In the 2016 Stanley Cup Playoffs, Lightning fans saw Jonathan Drouin emerge as the playmaking game-changer they expected when the dynamic winger was selected third overall at the 2013 NHL Draft.
Against Detroit in a First Round series, Drouin resurrected a moribund Lightning power play, dissecting the Red Wings' penalty kill with his keen passing skills to assist on all three Bolts' power-play goals in a 3-2, series-defining victory.
During Game 3 of the Second Round versus the New York Islanders, Drouin displayed his toughness, returning from a brutal hit dished out by the Isles' Thomas Hickey that forced him to leave the game for a bit and then providing the primary assist late in the game for Nikita Kucherov's game-tying goal in a contest the Bolts would eventually win 5-4 in overtime.
Video: NYI@TBL, Gm2: Drouin slips one five-hole by Greiss
And against the Pittsburgh Penguins in the Eastern Conference Final, Drouin showcased his scoring prowess, tallying goals in four of the seven games of the series, including the Bolts' only goal in a winner-take-all Game 7 in Pittsburgh.
Drouin's playoff performance was in stark contrast to the regular season, where he played just 21 of Tampa Bay's 82 games, tallied only 10 points (4 goals, 6 assists) and was sent down to the Lightning's AHL affiliate in Syracuse at midseason to get more playing time and work on his game.
So, with the Lightning returning basically the same team that has advanced to the Stanley Cup Final and Eastern Conference Final in successive years but has been missing that little something extra to get them over the hump, could a 2016 playoff version of Drouin over a full season be that something extra to push the Bolts to the top and allow them to hoist the franchise's second-ever Stanley Cup at season's end?
"I don't know if one player can change that stuff," Drouin responded when asked that very question. "But, we're an experienced team. It's kind of the same group as last year. We do have to get over that hump. Conference Finals is not what we wanted last year. It's definitely a good step but not what we want to accomplish."
During the preseason, the 21-year-old Drouin has shown he's ready to be a difference maker for a full season. In Saturday's 4-3 loss in Nashville, Drouin was, arguably, the best player on the ice. His speed gave the Predators fits. He shot the puck more - something Drouin said before the game would be his focus - and recorded four shots, second most on the Bolts. And his incredible stick handling skills were on full display throughout.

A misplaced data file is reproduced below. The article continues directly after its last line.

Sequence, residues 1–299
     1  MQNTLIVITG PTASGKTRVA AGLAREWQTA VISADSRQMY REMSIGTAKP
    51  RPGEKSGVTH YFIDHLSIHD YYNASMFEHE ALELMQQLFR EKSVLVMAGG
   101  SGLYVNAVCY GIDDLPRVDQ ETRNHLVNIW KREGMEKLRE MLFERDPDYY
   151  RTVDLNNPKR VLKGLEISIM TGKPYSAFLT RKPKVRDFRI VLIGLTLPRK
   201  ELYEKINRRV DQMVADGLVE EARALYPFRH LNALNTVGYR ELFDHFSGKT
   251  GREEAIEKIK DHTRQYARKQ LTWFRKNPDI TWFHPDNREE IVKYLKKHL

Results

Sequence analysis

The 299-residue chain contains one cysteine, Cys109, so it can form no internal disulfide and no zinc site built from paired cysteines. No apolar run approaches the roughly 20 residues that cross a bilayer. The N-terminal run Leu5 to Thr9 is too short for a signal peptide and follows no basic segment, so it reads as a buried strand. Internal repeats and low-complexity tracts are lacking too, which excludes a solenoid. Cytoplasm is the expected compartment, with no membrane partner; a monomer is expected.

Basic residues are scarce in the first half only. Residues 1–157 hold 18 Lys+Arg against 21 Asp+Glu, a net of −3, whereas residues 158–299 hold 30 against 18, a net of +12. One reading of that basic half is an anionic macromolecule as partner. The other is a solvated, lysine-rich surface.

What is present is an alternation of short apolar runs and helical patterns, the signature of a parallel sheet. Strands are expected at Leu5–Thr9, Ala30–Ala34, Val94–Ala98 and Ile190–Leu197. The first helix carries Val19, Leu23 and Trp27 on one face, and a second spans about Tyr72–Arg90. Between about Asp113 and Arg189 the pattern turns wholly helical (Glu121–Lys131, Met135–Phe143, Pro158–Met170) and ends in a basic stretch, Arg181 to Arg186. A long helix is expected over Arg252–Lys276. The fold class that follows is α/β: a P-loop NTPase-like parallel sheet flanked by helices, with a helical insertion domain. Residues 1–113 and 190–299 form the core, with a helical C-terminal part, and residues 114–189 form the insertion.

One sequence in particular late in the first period summed up Drouin's full arsenal. Taking hold of the puck deep in his own end, Drouin sped down the right wing to blow past a Nashville backchecker. As he entered the offensive zone, Drouin was met by a trio of Predators. He skillfully weaved his way around and through them to get free in the slot, where he unleashed a shot at Marek Mazanec. The Preds' goalie was able to block Drouin's shot away, but the sequence was a reminder how, in just a couple of seconds, Drouin can change a game.
"It's tough to say from one game, but, obviously, he's still very fast and good with the puck," said Valtteri Filppula, who played on a line with Drouin against the Predators. "He can make really good plays. So far, it looks similar to where he ended (last season), and that's a really good level. I'm happy to see that."
Filppula added Drouin brings a skill "you don't see too often."
"It's fun to watch," he said, smiling.
Video: TBL@PIT, Gm2: Drouin ties the game with perfect shot
Last season, up until the final week of the regular season, Drouin was the one mostly doing the watching. He averaged 14:27 time on ice, slightly up from his rookie season (13:14) but not enough for a player of his caliber. Drouin averaged only two minutes of power-play time each game, ranking 11th on the Bolts
Drouin understands in order to stay on the ice more in 2016-17 and to have more of an impact on special teams, he has to work hard at both ends of the ice and prove he's deserving of an increased role.
"It's going to be up to my play," Drouin said. "Sometimes you're not playing well, you're not going to get that chance. I've learned that in the last couple of years. It's up to me to keep my play uptempo and get on the power play."
Drouin said he's in a good place with his game as the 2016-17 regular season is just over a week from starting. He represented Team North America at the World Cup of Hockey in September, scoring a goal against Filppula's Team Finland in both teams' opener. He entered Lightning training camp ready to go from day one following his experience at the WCH. And in his one preseason game so far, he's looked like the player that ended the 2015-16 season on such a high.
That bodes well for the Lightning as they enter the upcoming season as one of the favorites in the NHL to win the Stanley Cup.
"I definitely come into Tampa this year feeling good and I feel confident," Drouin said.